Finally. September. The ridiculous 90+ degree heat hasn’t seemed to stop, but at least hockey is not only weeks, instead of months, away. There has been a summer full of great off-season analysis, and Traverse City is right around the corner. As we move at break-neck speed back toward hockey season, I have some thoughts…
There have been several slightly off-topic articles written over the past few weeks that I wanted to throw my .02 in, at least just conceptually. Read More→
Happy Friday, BSB faithful! Welcome to the final installment of the 4th Annual Top 30 Goaltenders List. It’s been a wild ride, but here we are. The first two editions of the rankings can be found here and here, and the first post will outline the format if you are late to the party. A few readers have reached out looking for a write up on the guys who were left off the list from last season, since there was a ton of turnover this time around. If there is interest in that, I can definitely put a post like that together. You can think of it as a spin-off to the original.
Without any further delay, here are your Top 10. Read More→
Welcome to the second installment of the 4th Annual Top 30 Goaltenders List! This time around we will be ranking goaltenders 20-11. In case you missed it, the 30-21 bracket, in addition to all this year’s housekeeping considerations can be found right here. Since that all that good stuff was covered in the first post, let’s jump right in… Read More→
Welcome to the 4th Annual Top-30 Goaltenders List. This has been a very interesting year for goaltending analysis. From a research standpoint, this was far and away the toughest edition of the list yet. I had my draft list down to about forty goaltenders before I had to start making the tough decisions. I’m not big into spoiling the list before it even starts, but the fact that I had to leave Mike Smith, Petr Mrazek, Michael Hutchinson and Andrei Vasilevskiy off the list is a testament to the incredible depth of goaltending talent in the NHL right now.
Additionally, I feel the need to qualify criteria for selection. In the past, I have gambled on prospects who have yet to really get their feet wet at the NHL level. This year, the pool was just too large, so I’m limiting the field to goalies who have played at least ten NHL games. The likes of Connor Hellebyuck or Malcolm Subban, who I may have been tempted to include, aren’t going to be eligible. If prospects are your thing, I would recommend heading over to InGoal Magazine and checking out their Top 50 Goaltending Prospects list. Read More→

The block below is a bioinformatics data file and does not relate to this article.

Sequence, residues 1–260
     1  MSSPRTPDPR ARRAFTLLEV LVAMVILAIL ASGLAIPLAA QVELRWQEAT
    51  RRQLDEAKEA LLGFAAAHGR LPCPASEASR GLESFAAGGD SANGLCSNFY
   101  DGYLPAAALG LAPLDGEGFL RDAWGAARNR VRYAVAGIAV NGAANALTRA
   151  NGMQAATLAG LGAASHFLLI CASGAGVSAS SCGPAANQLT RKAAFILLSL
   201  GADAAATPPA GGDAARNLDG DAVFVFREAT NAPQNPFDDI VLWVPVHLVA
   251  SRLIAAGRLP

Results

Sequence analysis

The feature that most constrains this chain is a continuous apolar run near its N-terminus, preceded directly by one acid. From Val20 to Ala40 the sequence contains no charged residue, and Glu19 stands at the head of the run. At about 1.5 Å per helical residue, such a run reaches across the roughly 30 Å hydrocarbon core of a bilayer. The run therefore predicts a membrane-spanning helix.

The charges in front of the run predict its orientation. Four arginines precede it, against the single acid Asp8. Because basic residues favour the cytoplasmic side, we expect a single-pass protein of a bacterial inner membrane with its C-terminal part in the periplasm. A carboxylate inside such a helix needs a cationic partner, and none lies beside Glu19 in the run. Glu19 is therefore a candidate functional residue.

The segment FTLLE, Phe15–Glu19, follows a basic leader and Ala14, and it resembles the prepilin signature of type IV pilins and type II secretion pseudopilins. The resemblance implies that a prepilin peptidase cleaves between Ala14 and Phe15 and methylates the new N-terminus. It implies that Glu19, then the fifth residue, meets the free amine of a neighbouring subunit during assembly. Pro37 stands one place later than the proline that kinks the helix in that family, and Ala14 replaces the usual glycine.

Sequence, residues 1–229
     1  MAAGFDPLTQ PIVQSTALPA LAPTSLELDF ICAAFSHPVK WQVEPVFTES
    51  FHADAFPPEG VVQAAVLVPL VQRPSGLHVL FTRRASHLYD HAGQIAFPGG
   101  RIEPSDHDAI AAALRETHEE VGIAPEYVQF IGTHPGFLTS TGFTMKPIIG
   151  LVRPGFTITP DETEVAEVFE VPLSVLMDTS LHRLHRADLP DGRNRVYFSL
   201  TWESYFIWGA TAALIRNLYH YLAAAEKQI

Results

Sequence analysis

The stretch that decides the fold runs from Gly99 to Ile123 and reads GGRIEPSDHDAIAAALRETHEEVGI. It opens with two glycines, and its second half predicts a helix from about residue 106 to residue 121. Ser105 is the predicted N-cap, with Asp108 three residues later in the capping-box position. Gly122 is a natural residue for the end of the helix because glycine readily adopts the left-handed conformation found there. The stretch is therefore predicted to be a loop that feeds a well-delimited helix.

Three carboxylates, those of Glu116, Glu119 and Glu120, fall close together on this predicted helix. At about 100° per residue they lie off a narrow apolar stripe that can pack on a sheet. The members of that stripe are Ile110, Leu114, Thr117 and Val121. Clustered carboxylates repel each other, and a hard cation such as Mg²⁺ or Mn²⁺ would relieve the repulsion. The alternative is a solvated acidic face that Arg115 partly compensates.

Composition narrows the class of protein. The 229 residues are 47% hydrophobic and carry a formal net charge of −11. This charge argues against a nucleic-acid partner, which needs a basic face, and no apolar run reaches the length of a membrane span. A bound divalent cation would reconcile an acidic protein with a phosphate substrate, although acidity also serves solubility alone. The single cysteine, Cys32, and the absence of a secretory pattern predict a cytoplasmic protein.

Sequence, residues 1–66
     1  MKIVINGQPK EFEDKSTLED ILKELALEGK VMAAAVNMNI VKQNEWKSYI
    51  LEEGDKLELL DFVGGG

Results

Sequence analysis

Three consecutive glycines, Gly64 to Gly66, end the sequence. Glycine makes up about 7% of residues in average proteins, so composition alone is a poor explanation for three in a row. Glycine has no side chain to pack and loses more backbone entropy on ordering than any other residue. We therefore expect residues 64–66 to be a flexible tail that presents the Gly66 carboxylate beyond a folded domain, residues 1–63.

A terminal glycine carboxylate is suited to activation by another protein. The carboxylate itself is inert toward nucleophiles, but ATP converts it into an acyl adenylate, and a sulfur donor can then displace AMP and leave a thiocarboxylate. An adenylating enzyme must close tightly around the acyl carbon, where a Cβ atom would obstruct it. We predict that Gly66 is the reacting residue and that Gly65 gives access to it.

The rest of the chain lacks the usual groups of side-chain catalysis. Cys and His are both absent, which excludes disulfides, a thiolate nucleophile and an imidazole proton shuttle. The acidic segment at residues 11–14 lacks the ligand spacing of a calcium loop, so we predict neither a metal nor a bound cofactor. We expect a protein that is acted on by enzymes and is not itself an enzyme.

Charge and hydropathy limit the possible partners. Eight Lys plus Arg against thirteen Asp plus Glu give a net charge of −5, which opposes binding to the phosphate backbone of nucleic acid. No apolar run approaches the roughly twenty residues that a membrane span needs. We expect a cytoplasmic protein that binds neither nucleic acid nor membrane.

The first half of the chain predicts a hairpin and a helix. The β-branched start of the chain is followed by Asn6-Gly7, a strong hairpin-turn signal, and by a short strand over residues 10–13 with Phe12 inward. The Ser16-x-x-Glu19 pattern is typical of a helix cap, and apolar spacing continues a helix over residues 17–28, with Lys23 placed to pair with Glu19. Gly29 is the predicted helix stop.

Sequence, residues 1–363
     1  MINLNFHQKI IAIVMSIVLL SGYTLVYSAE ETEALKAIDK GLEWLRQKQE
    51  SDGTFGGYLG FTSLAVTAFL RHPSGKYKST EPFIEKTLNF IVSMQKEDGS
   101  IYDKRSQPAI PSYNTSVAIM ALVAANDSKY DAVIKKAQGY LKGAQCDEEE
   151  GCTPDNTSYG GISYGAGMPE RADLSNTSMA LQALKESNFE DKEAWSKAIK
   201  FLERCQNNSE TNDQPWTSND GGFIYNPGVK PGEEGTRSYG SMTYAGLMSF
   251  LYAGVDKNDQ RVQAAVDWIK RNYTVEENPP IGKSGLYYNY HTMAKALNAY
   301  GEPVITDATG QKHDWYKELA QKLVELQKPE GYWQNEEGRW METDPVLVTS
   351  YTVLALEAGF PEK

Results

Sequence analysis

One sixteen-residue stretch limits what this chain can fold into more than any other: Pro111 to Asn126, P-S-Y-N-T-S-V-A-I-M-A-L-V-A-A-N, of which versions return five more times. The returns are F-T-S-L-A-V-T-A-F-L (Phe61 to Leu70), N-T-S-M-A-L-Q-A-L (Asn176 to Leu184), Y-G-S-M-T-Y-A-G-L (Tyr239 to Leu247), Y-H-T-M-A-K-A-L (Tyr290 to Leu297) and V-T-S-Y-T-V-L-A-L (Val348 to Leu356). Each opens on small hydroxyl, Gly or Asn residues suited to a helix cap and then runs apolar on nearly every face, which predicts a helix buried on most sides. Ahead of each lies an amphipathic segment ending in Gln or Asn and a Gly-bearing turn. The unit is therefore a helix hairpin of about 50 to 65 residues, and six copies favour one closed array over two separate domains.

Happy Friday, BSB faithful. As promised, Hatrick Swayze has run the gauntlet and earned the right to contribute his learned thoughts in the form of a guest post. Thanks, Hatrick, for a seriously comprehensive piece of work. I hope you all enjoy. Ladies and gentlemen, Hatrick Swayze…
Enter Emerson Etem. [Alliteration. Capitalization. What more could you want? Oh, Carl Hagelin? Too bad for you.] While many are sour over Hagelin’s departure, and for good reason, what’s done is done. All too often in a league with hard cap restrictions, a player’s hard work, dedication and a growth under a franchise ultimately is what forces management’s hand and prices that player out. We’ve seen it with Callahan. Hagelin is the latest victim. Quite honestly, it is a good problem to have. Consider the alternatives: bad draft pedigree, players underperforming expectations, a team meandering in mediocrity. Personally, I’m very content to avoid all of the above. For better or worse, player turnover is the reality of operating in a league governed by a hard salary cap. Read More→